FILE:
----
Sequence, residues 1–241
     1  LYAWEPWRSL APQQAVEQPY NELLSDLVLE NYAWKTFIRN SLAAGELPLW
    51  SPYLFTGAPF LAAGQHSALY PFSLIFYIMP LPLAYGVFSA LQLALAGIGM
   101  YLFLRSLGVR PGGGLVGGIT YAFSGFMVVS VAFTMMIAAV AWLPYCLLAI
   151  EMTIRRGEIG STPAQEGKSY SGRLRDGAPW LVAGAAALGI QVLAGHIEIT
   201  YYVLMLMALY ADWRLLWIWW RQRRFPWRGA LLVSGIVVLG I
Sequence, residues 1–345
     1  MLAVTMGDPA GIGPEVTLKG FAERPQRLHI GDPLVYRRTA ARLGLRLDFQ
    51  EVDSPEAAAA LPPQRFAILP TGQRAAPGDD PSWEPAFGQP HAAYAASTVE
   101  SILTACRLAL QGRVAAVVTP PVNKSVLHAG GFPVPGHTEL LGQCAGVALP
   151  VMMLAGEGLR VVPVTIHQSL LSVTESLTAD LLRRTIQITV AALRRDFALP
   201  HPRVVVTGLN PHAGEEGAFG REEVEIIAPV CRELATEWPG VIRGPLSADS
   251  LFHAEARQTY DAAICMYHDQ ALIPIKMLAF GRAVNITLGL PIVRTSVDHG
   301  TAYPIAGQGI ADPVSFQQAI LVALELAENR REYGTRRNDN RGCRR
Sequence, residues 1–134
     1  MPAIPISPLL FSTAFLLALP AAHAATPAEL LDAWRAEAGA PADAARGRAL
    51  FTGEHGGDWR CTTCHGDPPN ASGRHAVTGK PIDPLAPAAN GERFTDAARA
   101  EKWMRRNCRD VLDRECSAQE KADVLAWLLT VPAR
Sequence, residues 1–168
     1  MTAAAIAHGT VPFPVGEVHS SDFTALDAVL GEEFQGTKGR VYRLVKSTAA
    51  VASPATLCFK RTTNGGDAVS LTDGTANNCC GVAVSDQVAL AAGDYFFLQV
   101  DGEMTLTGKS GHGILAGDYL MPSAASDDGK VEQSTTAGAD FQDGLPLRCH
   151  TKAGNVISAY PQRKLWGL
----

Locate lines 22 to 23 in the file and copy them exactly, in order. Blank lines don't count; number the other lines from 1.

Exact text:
   101  DGEMTLTGKS GHGILAGDYL MPSAASDDGK VEQSTTAGAD FQDGLPLRCH
   151  TKAGNVISAY PQRKLWGL